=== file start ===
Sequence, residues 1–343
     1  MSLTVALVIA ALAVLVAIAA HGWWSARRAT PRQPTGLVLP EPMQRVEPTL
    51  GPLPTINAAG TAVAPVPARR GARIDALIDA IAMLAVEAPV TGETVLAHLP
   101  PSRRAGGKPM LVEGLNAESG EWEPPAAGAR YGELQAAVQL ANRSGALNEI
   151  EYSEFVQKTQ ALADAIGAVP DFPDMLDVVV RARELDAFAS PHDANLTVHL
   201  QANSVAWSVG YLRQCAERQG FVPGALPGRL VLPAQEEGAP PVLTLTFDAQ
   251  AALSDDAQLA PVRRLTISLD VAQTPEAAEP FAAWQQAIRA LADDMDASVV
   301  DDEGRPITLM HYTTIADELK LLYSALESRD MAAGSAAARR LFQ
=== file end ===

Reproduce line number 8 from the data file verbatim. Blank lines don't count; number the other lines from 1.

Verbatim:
   301  DDEGRPITLM HYTTIADELK LLYSALESRD MAAGSAAARR LFQ